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Online course

Citizen Science: Living Soils, Growing Food

Learn about approaches to food growing that can help regenerate soil and solve environmental issues.

Citizen Science: Living Soils, Growing Food

Use regenerative growing practices in your own garden

Soil loss and degradation are serious issues all over the world.

We need to find effective regenerative practices to solve many local and global environmental challenges.

On this course, you’ll discover interesting things about your own soil and become part of the new GROW Citizen Observatory European-wide community.

You’ll explore key approaches to food growing that can help improve soil degradation and regenerate soils and ecosystems.

You’ll identify regenerative practices that you could use in your own growing site, and design a robust research experiment to evaluate them.

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Skip to 0 minutes and 6 secondsSPEAKER: We're facing serious environmental challenges and the increasing impacts of a change in climate. GROW offers you the opportunity to join a global observatory in which those kinds of people will collaborate to observe and care for the environment. Two of the key challenges GROW focuses on are soil degradation and the impact of a changing climate, both impacted by unsustainable food growing methods. GROW is creating a community of growers, small scale farmers, scientists, and policymakers all working together to help address these challenges and learn from each other. This community of citizen scientists will help space science by providing vital ground data to validate the research undertaken by satellites.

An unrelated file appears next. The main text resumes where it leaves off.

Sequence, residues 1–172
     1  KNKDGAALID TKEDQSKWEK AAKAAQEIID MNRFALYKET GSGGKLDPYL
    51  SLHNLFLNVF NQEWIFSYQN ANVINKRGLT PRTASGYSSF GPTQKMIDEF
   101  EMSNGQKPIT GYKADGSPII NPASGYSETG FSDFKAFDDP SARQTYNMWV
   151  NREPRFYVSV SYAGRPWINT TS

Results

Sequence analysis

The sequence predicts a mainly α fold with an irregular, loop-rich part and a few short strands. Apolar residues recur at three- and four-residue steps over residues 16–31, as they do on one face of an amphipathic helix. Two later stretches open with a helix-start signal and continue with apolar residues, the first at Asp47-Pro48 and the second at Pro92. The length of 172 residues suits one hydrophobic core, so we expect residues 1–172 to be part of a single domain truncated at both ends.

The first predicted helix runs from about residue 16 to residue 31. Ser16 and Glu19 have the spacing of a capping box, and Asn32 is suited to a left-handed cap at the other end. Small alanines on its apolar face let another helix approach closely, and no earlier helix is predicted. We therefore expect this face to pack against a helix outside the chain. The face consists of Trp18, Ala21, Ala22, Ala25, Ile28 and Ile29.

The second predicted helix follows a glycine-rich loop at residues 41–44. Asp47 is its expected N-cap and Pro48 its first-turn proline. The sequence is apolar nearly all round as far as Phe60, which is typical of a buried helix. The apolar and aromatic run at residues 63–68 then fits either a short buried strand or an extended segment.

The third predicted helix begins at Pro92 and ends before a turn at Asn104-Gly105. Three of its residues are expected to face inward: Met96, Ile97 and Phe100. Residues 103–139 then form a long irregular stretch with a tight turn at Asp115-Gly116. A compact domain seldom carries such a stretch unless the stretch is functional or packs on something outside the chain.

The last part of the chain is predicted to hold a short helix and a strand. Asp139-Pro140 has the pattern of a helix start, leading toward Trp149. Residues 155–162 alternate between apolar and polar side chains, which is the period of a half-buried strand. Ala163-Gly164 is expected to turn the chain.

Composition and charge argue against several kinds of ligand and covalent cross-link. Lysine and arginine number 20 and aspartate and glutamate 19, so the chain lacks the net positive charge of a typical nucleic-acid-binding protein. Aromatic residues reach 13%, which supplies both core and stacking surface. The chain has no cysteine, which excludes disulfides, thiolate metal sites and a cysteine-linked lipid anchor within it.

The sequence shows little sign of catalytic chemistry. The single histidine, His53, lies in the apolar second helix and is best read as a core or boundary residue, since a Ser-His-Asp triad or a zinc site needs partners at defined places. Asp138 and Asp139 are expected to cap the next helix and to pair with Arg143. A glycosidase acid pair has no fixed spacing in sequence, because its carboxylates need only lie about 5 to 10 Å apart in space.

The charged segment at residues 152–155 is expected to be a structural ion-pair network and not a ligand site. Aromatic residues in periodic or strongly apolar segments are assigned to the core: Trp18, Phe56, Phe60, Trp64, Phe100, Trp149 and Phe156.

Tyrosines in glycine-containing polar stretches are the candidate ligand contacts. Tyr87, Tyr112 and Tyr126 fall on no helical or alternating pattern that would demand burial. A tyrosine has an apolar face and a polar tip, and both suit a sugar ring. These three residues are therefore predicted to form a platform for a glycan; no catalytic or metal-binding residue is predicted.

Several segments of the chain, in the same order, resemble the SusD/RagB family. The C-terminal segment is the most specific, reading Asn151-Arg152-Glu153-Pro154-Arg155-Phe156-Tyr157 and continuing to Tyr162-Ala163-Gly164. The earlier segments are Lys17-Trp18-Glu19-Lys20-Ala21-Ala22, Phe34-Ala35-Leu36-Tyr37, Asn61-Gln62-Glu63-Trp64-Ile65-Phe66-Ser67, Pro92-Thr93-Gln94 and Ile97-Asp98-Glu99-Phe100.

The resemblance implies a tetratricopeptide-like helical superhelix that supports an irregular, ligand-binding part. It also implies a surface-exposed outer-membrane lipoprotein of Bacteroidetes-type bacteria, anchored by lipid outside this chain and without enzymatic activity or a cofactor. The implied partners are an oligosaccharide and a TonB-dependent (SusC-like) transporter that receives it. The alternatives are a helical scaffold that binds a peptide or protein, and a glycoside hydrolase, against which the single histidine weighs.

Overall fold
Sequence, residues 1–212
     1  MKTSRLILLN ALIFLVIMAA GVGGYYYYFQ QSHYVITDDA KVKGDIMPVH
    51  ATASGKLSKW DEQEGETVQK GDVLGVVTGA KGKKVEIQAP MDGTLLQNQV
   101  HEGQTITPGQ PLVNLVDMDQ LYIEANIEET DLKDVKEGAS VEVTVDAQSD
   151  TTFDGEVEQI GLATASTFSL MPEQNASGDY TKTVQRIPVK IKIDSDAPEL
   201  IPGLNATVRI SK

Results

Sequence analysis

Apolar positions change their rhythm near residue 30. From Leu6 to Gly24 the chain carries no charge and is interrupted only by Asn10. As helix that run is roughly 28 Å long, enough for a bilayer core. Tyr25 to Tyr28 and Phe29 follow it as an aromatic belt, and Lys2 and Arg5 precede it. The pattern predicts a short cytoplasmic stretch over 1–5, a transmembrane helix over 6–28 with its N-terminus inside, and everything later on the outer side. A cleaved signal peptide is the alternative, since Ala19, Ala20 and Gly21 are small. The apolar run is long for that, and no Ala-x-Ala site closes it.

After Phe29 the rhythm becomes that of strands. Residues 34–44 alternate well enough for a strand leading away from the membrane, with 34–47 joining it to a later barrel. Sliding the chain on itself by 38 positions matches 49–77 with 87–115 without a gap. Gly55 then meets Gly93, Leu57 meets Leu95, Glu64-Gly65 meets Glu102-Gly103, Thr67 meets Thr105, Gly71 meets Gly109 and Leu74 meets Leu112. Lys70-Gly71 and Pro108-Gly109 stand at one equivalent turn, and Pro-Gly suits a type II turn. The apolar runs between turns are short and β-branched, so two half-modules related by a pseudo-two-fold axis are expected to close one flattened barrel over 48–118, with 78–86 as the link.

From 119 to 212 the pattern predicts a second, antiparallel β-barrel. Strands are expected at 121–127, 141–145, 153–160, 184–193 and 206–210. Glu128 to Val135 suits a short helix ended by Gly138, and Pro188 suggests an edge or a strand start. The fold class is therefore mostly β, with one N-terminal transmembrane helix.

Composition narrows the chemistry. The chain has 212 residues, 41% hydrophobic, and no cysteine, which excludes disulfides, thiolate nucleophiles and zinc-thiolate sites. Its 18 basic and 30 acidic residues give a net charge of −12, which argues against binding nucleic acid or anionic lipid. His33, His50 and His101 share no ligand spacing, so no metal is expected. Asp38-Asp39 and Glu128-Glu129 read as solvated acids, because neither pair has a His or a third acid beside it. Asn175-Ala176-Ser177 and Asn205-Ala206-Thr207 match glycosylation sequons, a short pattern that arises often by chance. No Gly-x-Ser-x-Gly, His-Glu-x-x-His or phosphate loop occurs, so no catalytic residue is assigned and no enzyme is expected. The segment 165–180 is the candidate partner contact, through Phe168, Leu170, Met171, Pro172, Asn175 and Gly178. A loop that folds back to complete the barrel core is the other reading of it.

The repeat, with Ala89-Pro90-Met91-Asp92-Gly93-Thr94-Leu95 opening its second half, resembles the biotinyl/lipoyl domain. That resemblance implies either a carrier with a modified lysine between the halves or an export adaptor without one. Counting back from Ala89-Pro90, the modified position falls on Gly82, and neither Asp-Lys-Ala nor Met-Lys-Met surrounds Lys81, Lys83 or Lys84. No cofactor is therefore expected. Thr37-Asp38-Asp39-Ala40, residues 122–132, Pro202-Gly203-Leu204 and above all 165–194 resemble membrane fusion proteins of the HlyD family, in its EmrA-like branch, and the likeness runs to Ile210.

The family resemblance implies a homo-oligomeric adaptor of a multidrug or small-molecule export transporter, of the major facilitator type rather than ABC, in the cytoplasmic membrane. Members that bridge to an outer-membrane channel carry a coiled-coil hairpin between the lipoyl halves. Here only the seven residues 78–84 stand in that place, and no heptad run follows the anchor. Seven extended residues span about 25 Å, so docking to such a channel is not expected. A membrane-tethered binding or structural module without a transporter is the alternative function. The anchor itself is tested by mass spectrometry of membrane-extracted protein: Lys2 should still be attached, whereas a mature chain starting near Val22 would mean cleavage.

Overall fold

Skip to 0 minutes and 47 secondsThe shared vision is to support and build sustainable custodianship of the land and soil across Europe. Soil underpins life. And healthy soils are essential to healthy and productive ecosystems. Soil is vital to our future, but it is a threatened resource. There is an urgent need to adopt more sustainable agricultural practices. This data can also inform international policy decisions on land use, soil management, and climate change, as well as supporting growers in different countries to share, discover, and taste sustainable soil stewardship and growing practices. We invite you to take part in the GROW observatory through this MOOC, and if you can, through our other activities.

Skip to 1 minute and 30 secondsWhether you are a new or a more experienced grower or a citizen scientist, you can learn to gather and make sense of data for yourself. Together, we will have opportunities to take part in more complex observations and experiments in the coming weeks and months. We know that soil loss and degradation are serious issues across the world. What can we do about it? Some ways of growing food can help to reduce the rate of soil degradation and even reverser to rebuild healthy soils and robust ecosystems. Finding effective regenerative practices is critical to solving many local and global challenges.

Skip to 2 minutes and 7 secondsIn this course, we explore some of these practices in more detail we look at the existing scientific knowledge and invite you to share your own experiences and learn from other growers around the world. Importantly, this course will also help you learn how to design and conduct rigorous investigations in your own growing spaces and communities so you can discover what works well for you and your local area. We invite you to continue collaborating with the GROW Observatory after the course. You will be able to continue with this collective experiment and participate in other GROW citizen science activities. Sign up for this GROW citizen science online course. And join a community of soil champions.

What topics will you cover?

  • Citizen Science and Fieldwork
  • The GROW Observatory
  • Regenerative practices for food growers - exploring the effectiveness of approaches like mulching, no dig, cover crops, creating wildlife friendly areas and more